Image courtesy of HYM Investment Group and DREAM Collaborative

Roxbury’s long-vacant parcel P3 is a gnawing reminder of disinvestment in Boston’s minority neighborhoods and their struggles to tap into the city’s economic growth.

As officials begin to review the latest development proposals for the 8-acre parcel, Boston-based HYM Investment Group is proposing that Roxbury join the Greater Boston life science boom in force with 700,000 square feet of office and lab space.

“This is something that can be very special and does create the opportunities for generational wealth and really important jobs in the community,” HYM Managing Director Thomas O’Brien said this week.

Beyond job creation, the proposal seeks to address the federal government’s history of redlining that discouraged mortgages for home ownership in minority neighborhoods.

HYM is proposing a new wrinkle in the housing component of its plan: 144 income-restricted condominiums that would be deed restricted for 15 years instead of the standard 20 to 40 years, so buyers could eventually sell their units at market rates.

“We want to create home ownership for Black and Brown families, and historically they were not allowed to participate in the home ownership market for decades after World War II,” O’Brien said.

The affordable condos would be restricted to households earning a maximum 65 percent of area median income. The project also would include 40 market-rate condos, 164 affordable apartments and 118 market-rate apartments.

The Boston Planning & Development Agency-owned property on Tremont Street is a remnant of a failed 1960s urban renewal plan for a citywide high school. Efforts to revitalize Roxbury’s economy included a Menino administration attempt to lure the relocation of Partners HealthCare’s headquarters and thousands of white-collar jobs to parcel P3.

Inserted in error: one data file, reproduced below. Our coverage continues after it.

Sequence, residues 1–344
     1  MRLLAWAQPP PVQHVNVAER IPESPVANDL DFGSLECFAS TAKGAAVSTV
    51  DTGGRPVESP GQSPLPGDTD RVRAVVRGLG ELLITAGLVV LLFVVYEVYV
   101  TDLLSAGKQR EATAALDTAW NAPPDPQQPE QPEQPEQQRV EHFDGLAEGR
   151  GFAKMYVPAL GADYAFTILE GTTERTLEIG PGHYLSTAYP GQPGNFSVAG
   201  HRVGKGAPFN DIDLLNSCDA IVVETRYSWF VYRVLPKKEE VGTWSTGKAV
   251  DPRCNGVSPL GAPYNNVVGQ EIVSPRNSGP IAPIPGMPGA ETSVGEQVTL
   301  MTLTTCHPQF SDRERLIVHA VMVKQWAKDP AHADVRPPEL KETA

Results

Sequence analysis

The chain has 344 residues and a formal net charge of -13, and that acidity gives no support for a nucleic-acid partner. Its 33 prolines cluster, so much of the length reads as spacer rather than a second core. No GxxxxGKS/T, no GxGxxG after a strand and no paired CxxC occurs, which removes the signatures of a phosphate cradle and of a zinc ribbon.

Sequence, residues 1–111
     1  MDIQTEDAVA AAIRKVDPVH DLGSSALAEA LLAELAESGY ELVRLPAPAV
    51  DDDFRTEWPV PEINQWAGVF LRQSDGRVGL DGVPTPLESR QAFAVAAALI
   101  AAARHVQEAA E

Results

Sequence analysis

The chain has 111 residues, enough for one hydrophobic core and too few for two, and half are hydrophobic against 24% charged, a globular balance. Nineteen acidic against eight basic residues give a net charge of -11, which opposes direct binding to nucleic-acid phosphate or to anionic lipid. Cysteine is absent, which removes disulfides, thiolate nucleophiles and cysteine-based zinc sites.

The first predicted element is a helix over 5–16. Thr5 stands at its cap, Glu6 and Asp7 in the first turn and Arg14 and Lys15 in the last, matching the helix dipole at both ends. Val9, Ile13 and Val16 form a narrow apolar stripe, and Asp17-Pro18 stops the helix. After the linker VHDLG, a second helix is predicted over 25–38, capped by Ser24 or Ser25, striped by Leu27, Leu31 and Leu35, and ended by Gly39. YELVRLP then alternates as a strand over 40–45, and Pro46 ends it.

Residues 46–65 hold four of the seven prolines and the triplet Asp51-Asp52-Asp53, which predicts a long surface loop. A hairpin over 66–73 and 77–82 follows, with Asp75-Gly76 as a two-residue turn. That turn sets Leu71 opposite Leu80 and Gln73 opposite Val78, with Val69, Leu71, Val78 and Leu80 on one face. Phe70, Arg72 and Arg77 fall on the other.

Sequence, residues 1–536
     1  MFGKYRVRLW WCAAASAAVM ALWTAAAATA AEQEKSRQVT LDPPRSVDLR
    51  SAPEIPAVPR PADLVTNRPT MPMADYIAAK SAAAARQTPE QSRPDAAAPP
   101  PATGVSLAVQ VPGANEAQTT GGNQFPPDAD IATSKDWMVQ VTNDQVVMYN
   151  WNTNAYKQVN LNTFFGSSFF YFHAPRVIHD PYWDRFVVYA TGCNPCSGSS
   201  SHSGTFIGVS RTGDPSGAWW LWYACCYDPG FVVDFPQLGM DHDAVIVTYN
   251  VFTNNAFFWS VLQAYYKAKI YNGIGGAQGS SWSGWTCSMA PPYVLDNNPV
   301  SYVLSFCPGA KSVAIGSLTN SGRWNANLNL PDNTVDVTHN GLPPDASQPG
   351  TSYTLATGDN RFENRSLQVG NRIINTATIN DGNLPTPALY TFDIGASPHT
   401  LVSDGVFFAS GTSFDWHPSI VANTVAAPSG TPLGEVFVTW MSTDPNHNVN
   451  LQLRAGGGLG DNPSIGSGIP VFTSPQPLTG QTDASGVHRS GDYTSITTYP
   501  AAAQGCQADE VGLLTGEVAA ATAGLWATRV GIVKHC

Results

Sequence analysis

More recently, the BPDA revoked the preferred developer designation of Boston-based Feldco Development and Elma Lewis Partners in 2019 after they failed to secure financing for 727 housing units, a B.J.’s Wholesale Club and a new home for the National Center of Afro American Artists.

The latest request for proposals, responses to which are due today, is expected to attract a strong response from developers.

HYM is partnering with My City at Peace, an anti-violence and community-building organization led by Rev. Jeffrey Brown, as potential co-master developer of the site. Increasing home ownership in inner-city neighborhoods is part of the group’s strategy to reduce chronic unemployment and wealth disparities.

“If we can get folks to own their own homes, they would view their community in a much different way,” Brown said. “It builds generational wealth and can contribute to the health of a community.”

The sale of income-restricted condos with abbreviated deed restrictions would require approval by state and city officials.

“It’s been done one way for a long time and we’re suggesting, at least for this particular site, the hope is it should be looked at a little differently,” O’Brien said.

My City at Peace also would manage an economic development and cultural center on parcel P3 including performance and meeting space.

HYM is partnering with Madison Park Development Corp. on approximately 165 units of rental housing in the project, and broker Chanda Smart of The OnyxGroup on the retail component. The master architect is DREAM Collaborative, led by past Boston Society for Architecture President Gregory Minott.

O’Brien said parcel P3’s proximity to the Longwood Medical Area and its acclaimed teaching hospitals are a natural fit for major life science industry expansion, which thus far has bypassed Roxbury. The expectation is that life science tenants would partner with local high schools and Roxbury Community College on job training, he said.

Editor’s note: This report has been updated to reflect an updated mix of housing units and the length of deed restrictions.

HYM Pitches Labs, New Home Ownership Model in Roxbury

by Steve Adams time to read: 2 min